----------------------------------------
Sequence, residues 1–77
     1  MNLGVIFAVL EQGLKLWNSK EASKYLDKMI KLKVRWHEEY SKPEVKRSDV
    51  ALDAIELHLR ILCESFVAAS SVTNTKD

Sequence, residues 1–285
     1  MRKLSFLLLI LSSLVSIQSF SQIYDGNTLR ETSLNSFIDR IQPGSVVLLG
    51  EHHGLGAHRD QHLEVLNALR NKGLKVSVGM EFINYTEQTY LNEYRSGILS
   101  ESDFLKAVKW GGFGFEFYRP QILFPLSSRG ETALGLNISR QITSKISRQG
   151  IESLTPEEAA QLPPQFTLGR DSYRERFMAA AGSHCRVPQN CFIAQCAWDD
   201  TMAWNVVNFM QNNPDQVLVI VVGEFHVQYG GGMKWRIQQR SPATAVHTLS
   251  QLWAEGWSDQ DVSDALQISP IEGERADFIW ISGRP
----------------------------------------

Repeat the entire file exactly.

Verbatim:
Sequence, residues 1–77
     1  MNLGVIFAVL EQGLKLWNSK EASKYLDKMI KLKVRWHEEY SKPEVKRSDV
    51  ALDAIELHLR ILCESFVAAS SVTNTKD

Sequence, residues 1–285
     1  MRKLSFLLLI LSSLVSIQSF SQIYDGNTLR ETSLNSFIDR IQPGSVVLLG
    51  EHHGLGAHRD QHLEVLNALR NKGLKVSVGM EFINYTEQTY LNEYRSGILS
   101  ESDFLKAVKW GGFGFEFYRP QILFPLSSRG ETALGLNISR QITSKISRQG
   151  IESLTPEEAA QLPPQFTLGR DSYRERFMAA AGSHCRVPQN CFIAQCAWDD
   201  TMAWNVVNFM QNNPDQVLVI VVGEFHVQYG GGMKWRIQQR SPATAVHTLS
   251  QLWAEGWSDQ DVSDALQISP IEGERADFIW ISGRP